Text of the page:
All of this told me to discard reasonable outcomes for reasonable scenarios. It told me to secure my tin-foil hat and begin to anticipate unreasonable outcomes based on fear, limited and developing information, and societal responses to an increasing level of social regulation. I’ve been right more than I’ve been wrong about the outcomes we’ve experienced. That doesn’t make me a genius (unless you want to call me that). It simply means I was one of many people who understood that to manage the new stresses we would face, we would need to anticipate outcomes that did not mirror life as we knew it.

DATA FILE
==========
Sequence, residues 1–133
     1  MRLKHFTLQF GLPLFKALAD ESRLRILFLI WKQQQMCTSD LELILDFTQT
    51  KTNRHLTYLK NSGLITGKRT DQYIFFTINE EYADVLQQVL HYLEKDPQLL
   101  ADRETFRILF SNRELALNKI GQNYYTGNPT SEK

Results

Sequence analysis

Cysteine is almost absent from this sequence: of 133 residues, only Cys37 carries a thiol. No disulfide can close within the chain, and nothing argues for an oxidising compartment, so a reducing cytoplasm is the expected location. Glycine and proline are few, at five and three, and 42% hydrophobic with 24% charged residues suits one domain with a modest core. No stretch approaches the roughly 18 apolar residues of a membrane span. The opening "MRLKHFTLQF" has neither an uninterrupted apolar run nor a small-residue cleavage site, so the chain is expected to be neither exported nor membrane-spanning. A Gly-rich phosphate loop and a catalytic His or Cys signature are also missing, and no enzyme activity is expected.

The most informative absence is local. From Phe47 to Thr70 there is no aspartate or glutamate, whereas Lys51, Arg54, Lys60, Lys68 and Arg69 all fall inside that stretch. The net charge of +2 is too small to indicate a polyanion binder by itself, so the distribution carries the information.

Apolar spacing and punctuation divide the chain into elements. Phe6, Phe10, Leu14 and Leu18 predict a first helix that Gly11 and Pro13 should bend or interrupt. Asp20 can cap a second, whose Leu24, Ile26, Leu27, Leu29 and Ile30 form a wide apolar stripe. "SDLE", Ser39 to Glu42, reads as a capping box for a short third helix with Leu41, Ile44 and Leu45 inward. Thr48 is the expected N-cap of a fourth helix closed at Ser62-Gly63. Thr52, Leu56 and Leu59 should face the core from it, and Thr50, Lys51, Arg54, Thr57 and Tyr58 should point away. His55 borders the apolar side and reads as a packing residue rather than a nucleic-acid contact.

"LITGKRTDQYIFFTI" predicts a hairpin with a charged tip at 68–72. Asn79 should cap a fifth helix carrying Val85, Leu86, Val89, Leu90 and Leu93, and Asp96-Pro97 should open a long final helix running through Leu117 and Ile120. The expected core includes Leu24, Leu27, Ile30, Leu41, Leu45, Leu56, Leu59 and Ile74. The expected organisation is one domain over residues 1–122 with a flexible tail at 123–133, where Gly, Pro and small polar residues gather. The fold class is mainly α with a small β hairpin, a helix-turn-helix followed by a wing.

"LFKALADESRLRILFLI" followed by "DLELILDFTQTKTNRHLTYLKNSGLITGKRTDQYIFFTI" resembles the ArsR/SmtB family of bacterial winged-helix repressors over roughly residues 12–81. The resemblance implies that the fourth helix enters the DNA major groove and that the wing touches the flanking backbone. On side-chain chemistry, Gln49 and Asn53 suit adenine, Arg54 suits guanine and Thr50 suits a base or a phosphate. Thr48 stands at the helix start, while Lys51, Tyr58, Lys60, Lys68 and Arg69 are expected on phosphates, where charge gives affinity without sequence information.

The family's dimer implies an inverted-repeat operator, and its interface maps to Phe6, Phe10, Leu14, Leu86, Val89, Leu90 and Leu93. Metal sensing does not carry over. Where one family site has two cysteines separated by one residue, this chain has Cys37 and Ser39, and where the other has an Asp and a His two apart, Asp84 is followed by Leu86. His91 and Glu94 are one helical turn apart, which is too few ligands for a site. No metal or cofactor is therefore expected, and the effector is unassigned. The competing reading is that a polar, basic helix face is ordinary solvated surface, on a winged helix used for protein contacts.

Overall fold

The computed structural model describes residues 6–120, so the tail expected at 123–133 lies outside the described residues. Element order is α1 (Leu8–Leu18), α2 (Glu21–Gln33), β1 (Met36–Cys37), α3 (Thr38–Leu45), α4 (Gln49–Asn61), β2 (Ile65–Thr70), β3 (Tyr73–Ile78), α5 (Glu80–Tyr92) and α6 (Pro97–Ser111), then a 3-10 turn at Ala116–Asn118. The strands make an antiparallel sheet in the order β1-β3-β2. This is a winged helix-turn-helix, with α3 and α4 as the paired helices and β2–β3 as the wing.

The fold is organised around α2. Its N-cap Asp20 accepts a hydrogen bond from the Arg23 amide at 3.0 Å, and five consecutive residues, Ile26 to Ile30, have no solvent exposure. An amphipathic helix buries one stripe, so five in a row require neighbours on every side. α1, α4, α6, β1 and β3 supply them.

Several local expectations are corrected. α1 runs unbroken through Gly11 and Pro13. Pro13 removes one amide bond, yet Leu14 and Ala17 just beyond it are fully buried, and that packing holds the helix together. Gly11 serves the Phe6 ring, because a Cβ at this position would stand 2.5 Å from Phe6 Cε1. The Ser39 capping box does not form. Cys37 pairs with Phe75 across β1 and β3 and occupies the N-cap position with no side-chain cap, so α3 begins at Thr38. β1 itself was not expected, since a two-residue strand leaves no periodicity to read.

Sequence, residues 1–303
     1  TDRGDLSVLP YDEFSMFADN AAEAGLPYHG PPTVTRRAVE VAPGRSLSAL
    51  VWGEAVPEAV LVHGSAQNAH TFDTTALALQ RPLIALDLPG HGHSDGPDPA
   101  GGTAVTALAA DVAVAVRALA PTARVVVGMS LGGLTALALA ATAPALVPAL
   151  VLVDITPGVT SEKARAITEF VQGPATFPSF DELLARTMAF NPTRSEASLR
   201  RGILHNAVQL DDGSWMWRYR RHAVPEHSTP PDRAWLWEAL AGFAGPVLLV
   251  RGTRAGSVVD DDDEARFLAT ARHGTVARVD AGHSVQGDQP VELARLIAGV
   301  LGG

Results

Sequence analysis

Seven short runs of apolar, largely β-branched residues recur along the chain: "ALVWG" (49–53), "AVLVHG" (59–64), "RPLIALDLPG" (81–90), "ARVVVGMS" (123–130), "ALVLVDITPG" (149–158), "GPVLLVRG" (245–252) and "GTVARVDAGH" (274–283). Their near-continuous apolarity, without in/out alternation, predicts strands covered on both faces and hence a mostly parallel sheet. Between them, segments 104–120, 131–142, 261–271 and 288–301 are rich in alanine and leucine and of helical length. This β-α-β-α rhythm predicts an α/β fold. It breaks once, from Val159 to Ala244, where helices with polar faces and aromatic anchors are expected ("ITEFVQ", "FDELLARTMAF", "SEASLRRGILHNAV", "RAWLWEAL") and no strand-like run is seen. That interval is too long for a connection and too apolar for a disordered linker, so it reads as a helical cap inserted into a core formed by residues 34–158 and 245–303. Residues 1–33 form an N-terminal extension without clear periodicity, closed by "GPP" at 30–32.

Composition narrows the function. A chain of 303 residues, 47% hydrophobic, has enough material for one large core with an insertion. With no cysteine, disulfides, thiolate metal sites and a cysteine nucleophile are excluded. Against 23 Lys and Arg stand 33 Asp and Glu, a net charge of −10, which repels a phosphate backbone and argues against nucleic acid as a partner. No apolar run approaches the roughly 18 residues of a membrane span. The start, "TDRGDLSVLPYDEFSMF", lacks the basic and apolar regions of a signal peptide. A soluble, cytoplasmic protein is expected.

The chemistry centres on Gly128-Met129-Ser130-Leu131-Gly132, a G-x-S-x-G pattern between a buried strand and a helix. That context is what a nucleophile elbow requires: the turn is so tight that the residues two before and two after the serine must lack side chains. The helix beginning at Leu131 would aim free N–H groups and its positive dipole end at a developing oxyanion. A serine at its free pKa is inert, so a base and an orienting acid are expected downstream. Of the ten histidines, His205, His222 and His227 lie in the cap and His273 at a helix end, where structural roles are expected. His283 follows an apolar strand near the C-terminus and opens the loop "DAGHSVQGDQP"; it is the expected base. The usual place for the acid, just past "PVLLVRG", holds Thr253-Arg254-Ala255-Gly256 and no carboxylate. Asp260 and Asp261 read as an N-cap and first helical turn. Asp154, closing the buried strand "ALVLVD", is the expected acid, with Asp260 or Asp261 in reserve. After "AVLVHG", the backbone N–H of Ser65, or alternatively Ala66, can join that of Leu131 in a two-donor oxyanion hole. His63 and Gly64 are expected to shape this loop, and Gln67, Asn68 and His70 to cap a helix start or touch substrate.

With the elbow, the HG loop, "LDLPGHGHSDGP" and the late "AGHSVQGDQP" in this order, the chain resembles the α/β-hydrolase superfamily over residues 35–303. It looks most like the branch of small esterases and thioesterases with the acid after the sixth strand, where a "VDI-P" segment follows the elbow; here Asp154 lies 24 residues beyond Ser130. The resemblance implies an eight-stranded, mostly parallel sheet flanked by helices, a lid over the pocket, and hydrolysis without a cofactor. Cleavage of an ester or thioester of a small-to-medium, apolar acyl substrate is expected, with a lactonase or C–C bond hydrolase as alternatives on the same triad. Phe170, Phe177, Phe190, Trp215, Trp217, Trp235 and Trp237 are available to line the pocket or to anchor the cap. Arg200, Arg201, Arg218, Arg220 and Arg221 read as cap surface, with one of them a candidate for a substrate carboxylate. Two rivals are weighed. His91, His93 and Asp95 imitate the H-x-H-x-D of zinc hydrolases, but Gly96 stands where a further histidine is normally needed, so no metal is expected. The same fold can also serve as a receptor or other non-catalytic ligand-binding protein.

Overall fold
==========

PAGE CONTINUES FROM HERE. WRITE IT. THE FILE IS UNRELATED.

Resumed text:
Circling back to my puzzle games, this mindless form of entertainment has afforded me the opportunity to vent emotional and psychological steam (another of Durkheim’s theories) so that my social deviance (see Durkheim) was kept to reasonable outlets. For however much longer we are shuttered, I encourage you to cogitate about your own coping strategies for anticipating future outcomes. I also encourage you to find reasonable outlets to vent your steam so that you don’t fall victim to the unreasonable outcomes, such as fatalistic suicide.

I hope to have struck a balance between entertainment and commentary here. I think we all need to constantly monitor that balance within ourselves to ensure we don’t get too high or too low with all of the unknowns going on around us. Thanks for staying tuned in. As always, this has been the World According to Chris.

2 thoughts on “Call me Chris.